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Armand Butera is the assistant editor for HCPLive. He attended Fairleigh Dickinson University and graduated with a degree in communications with a concentration in journalism. Prior to graduating, Armand worked as the editor-in-chief of his college newspaper and a radio host for WFDU. He went on to work as a copywriter, freelancer, and human resources assistant before joining HCPLive. In his spare time, he enjoys reading, writing, traveling with his companion and spinning vinyl records. Email him at email@example.com.
Today marks the fourth-ever National Women Physicians Day, an event that that is intended to pay respect to women physicians across the country. It’s held each year on February 3, the birthday of Elizabeth Blackwell.
In 1858, Blackwell became the first female medical doctor in the United States, and while much has changed since then there are still fewer female doctors nationally than male doctors.
Marcia E. Klein-Patel, MD, Chair of the Alleghany Health Network’s Women’s Institute, spoke of gender biases in the medical field, representation issues for women and minority groups in both professional and clinical areas, and what could be done to raise awareness and create a more inclusive and fair medical community.
Klein-Patel initially addressed some of the limitations in career opportunities for women in medicine.
“We know that there are many gender differences, women across medicine specialties are paid less than their male counterparts, and are less likely to progress along the academic promotions pathway,” Klein-Patel said. “They're also significantly less likely to be Chairs or Deans of their programs, with only 18% of chairs or games and academic programs being women.”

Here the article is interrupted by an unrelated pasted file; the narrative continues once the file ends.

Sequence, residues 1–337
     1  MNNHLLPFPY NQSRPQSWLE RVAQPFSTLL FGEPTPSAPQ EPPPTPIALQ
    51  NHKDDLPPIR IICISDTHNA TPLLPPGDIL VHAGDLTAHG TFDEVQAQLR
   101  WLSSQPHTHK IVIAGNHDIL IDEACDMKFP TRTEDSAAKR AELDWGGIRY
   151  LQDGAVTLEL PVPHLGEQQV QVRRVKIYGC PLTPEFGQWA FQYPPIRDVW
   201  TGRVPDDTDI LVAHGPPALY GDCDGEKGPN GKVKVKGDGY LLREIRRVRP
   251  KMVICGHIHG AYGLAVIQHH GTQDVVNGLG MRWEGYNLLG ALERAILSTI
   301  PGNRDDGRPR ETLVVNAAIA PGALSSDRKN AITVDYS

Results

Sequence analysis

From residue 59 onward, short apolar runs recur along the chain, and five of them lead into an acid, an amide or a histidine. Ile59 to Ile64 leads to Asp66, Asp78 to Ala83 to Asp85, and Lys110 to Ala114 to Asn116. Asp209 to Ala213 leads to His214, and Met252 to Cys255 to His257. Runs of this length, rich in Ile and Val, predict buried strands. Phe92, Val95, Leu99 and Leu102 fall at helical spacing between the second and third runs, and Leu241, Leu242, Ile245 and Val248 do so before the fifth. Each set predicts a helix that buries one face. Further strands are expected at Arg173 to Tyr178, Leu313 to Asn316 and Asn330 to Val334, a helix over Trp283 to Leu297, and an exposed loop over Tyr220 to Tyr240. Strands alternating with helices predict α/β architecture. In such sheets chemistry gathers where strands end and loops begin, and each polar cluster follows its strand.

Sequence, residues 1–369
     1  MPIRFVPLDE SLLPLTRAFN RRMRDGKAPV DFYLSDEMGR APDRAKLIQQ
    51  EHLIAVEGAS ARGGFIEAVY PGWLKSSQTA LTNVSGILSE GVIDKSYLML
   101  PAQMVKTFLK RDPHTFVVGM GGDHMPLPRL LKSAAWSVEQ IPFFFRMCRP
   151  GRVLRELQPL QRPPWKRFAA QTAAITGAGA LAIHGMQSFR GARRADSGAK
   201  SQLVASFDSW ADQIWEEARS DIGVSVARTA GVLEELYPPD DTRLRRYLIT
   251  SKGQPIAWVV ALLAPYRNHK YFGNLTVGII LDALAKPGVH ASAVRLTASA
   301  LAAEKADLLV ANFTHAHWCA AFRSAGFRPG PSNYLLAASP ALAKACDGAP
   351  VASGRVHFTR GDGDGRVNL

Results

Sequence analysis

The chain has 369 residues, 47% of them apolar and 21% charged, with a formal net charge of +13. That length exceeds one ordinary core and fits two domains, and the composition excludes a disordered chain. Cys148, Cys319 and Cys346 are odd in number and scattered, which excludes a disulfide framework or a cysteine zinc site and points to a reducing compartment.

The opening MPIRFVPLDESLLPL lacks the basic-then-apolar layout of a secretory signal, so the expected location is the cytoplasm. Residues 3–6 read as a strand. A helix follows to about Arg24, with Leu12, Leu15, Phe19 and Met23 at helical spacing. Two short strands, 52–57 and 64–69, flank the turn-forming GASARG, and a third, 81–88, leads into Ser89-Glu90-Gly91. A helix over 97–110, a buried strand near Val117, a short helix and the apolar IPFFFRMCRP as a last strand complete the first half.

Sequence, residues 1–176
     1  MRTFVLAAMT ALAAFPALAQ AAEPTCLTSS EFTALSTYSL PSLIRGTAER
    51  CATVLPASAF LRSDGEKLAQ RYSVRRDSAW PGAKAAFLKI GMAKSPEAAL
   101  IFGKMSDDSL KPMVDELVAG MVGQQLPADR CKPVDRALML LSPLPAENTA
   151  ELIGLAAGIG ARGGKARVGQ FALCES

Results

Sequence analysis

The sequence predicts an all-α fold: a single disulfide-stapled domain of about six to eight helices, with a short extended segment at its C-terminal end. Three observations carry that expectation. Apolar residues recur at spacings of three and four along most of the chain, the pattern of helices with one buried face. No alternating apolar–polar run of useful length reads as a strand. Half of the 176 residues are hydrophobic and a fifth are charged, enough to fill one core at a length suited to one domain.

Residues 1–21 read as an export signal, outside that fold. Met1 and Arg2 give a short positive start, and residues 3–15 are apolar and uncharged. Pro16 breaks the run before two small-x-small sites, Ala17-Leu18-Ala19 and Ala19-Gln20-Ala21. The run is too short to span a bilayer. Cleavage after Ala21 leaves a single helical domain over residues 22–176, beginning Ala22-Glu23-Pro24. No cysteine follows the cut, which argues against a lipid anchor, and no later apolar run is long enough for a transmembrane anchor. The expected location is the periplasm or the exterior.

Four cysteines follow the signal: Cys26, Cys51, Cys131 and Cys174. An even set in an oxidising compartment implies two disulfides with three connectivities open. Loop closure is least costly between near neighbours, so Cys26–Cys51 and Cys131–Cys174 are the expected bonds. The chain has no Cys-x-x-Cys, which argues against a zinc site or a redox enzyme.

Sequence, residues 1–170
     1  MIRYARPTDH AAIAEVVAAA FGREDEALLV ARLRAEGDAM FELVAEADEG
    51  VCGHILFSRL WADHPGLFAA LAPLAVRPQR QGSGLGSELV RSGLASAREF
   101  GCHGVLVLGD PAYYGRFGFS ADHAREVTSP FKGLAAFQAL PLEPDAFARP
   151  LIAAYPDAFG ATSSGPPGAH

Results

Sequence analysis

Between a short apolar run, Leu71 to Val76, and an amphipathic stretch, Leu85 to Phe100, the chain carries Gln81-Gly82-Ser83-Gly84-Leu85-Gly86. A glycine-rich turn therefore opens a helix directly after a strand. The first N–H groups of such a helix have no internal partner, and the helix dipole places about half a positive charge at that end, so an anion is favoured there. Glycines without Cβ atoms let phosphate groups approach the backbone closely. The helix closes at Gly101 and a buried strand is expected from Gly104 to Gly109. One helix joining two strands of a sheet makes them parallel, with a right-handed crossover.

She added that women are also less likely to author journal articles, but more likely to experience and report of disrespect in the workplace than their male counterparts (70% and 1%, respectively).
Though there have been significant positive advancements in enrolling and graduating women at nearly equal rates to men since the early 2000s, Klein-Patel was confident that there are institutional efforts that could aid in decreasing these barriers that affect women once graduating.
These efforts could ensure that women, who are significantly underrepresented in surgical subspecialties and fields, have greater access more highly compensated positions.
However, sex biases extend well beyond the workplace, as Klein-Patel explained.
“There's actually a wide variety of representation for women in clinical trials, it's very field dependent, but I think it's important to notice that there's sex biases and clinical trial enrollment for oncology and cardiology, which are the 2 largest areas for male female mortality, as well as decrease in nephrology and hematology trials among others,” she said. “Women are also more likely to be underrepresented in clinical trials for drugs and supplements, and procedures and other interventions, and we've been really made aware of during (the COVID-19 pandemic), most pregnant women are excluded from clinical trials.”
Klein-Patel suggested allocation for resources for female focus trials and requirements for trials to enroll an equal number of female patients as represented by the disease processes would be crucial in addressing the disparities in clinical trials, especially as they pertain to heart disease.
“We know that heart disease is the leading cause of death for women accounting for 1:5 female deaths, but there's an under representation of female participants in those clinical trials, as we discussed before, which widens that sex gap and mortality,” she said.
To hear more from Dr. Klein-Patel on issues such as under-representation and physician burnout, listen to the full episode of DocTalk above.